c.Email = Convert.ToString(dr["Email"]);
                }
            }
            return c;
        }
    }
}
Jun 3, 2014 at 4:59 AM
One important aspect of n-tier development would be to ensure that each layer only has knowledge of the layer/tier immediately adjacent. i.e. the UI layer should not have any knowledge of the data layer. Your example seems to align with that.

Some comments:

  • The entity class (e.g. Customer) also has behavior exposed through static methods. You might want to move the behavior elsewhere and go with straight POCO classes.
  • Using static methods hurts testability if this is important to you

You only really need one DatabaseProviderFactory for your application so you could move that to a ProviderBase class.
Do you really need a SqlDatabase instance or could you leave the variable as a Database?
DbCommand implements IDisposable so it would be good form to call Dispose (although in this case it doesn't usually cause any harm not to call it).

I prefer the second approach especially if you change the SqlDatabase to Database then you can avoid instantiating an object directly and let the factory do this for you. You might want to move this to a base class to avoid code duplication (if that applies).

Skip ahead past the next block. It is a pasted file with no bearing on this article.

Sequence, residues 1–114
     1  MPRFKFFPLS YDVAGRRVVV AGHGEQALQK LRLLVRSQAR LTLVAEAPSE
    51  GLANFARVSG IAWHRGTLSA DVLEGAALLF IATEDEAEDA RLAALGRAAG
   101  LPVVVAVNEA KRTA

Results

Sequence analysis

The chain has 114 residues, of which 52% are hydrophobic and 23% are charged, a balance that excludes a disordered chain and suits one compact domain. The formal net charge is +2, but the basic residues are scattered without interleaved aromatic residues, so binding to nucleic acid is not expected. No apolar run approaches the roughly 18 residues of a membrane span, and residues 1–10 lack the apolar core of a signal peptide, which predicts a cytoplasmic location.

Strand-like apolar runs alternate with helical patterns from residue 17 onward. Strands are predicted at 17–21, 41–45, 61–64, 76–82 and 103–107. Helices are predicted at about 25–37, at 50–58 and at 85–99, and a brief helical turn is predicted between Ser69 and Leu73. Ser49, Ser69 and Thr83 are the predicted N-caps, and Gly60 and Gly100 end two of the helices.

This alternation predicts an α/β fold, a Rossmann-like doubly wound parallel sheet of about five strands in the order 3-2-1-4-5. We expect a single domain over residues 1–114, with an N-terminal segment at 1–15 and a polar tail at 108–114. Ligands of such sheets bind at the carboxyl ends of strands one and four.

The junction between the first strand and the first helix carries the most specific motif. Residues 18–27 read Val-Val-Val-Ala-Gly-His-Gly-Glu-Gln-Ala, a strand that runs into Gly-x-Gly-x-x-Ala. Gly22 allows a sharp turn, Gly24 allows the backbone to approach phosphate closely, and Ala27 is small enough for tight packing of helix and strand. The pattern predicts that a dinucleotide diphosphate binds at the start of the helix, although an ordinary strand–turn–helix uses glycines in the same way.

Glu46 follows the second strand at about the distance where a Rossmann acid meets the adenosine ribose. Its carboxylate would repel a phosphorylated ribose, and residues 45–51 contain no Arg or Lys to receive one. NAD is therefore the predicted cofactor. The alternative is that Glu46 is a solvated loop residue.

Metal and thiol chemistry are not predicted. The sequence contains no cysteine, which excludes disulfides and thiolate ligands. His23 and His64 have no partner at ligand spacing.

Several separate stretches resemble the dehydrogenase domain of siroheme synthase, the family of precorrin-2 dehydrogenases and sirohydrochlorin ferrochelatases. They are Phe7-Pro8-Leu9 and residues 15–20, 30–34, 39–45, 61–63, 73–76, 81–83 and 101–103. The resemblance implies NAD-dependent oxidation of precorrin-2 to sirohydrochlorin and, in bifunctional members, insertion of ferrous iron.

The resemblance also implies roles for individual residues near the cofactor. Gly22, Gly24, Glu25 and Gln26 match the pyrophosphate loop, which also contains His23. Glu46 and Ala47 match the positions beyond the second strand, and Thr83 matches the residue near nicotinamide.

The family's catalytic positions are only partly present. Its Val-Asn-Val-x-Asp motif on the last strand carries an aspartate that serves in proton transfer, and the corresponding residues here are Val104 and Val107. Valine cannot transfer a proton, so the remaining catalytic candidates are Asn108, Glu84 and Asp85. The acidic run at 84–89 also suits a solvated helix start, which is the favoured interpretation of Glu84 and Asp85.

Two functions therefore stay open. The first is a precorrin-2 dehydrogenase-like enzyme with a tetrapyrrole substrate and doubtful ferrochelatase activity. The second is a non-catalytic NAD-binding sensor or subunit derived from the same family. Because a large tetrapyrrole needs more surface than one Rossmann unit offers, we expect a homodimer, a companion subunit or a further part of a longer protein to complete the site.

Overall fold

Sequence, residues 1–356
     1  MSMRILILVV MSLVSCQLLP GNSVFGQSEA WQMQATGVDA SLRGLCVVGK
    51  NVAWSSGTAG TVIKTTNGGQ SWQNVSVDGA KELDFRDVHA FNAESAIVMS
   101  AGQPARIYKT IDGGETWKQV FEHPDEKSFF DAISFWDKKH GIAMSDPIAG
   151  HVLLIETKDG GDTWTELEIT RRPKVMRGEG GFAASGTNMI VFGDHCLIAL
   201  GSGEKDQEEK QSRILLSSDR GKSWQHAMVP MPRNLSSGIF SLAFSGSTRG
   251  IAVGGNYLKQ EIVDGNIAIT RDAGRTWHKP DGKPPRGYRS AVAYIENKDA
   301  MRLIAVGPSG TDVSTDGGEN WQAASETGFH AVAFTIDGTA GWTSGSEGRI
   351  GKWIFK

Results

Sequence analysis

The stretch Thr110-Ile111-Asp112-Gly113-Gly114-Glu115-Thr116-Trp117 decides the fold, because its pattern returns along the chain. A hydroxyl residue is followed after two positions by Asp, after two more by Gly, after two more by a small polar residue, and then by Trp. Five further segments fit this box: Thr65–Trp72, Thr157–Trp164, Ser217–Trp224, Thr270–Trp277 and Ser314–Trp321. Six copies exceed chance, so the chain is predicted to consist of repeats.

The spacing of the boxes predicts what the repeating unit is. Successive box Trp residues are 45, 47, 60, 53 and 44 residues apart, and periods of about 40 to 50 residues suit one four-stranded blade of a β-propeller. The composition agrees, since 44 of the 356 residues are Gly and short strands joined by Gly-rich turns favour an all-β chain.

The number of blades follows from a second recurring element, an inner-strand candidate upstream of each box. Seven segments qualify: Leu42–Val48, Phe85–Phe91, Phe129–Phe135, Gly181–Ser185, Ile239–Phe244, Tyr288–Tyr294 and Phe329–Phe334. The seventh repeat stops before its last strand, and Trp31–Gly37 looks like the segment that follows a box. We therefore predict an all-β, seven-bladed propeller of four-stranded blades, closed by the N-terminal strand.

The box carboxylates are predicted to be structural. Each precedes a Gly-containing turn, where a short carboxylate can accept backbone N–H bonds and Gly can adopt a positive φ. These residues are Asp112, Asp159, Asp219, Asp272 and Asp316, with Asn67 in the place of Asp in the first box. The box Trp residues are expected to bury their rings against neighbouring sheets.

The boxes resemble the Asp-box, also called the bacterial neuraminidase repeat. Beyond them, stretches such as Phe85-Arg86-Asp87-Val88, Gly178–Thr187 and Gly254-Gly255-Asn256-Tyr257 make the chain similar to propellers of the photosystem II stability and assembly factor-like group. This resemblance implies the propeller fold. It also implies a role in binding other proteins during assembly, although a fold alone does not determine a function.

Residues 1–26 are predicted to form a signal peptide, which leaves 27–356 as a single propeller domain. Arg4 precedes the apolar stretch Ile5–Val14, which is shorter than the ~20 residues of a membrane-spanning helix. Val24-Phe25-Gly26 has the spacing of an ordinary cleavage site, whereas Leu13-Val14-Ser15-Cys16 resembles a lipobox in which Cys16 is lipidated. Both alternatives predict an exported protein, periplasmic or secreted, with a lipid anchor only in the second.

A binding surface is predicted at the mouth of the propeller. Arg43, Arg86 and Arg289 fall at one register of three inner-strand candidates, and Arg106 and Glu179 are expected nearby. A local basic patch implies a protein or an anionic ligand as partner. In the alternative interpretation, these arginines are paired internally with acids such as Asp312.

You could also consider using Dependency Injection to have the Database objects injected into the providers instead of having the providers responsible for creating the Database objects. You would probably want to do this for all classes so it could be a big change but it's something to think about.


~~
Randy Levy
entlib.support@live.com
Enterprise Library support engineer
Support How-to
Jun 3, 2014 at 2:34 PM
Hi Randy and thanks for your input.

I have moved the DatabaseProviderFactory to a ProviderBase class and also disposing the DbCommand by putting it within a using. So now it looks something like this:
    public class SqlProviderBase
    {
        private static DatabaseProviderFactory _factory = new DatabaseProviderFactory();
        protected SqlDatabase db = _factory.Create("AppDB") as SqlDatabase;
    }
    public class SqlCustomerProvider : SqlProviderBase
    {        
        public bool Create(string userid, string email)
        {
            bool r = false;
            using (DbCommand cmd = db.GetStoredProcCommand("dbo.Customer_Create"))
            {
                db.AddInParameter(cmd, "@userid", SqlDbType.UniqueIdentifier, Guid.Parse(userid));
                db.AddInParameter(cmd, "@email", SqlDbType.NVarChar, email);
                db.AddOutParameter(cmd, "@statuscode", SqlDbType.Int, 0);

                db.ExecuteNonQuery(cmd);
                r = Convert.ToInt32(db.GetParameterValue(cmd, "@statuscode")) == 100;
            }
            return r;
        }
    }
I also like the POCO approach so I have started to move the methods from the entity classes into a Manager namespace, shown below. So instead of calling Customer.GetById() I call it by Manager.Customer.GetById().
namespace MyApp.Manager
{
    public static class Customer
    {        
        public static Business.Customer GetById(int customerid)
        {
            return Adapter.Customer.GetById(customerid);
        }
    }
}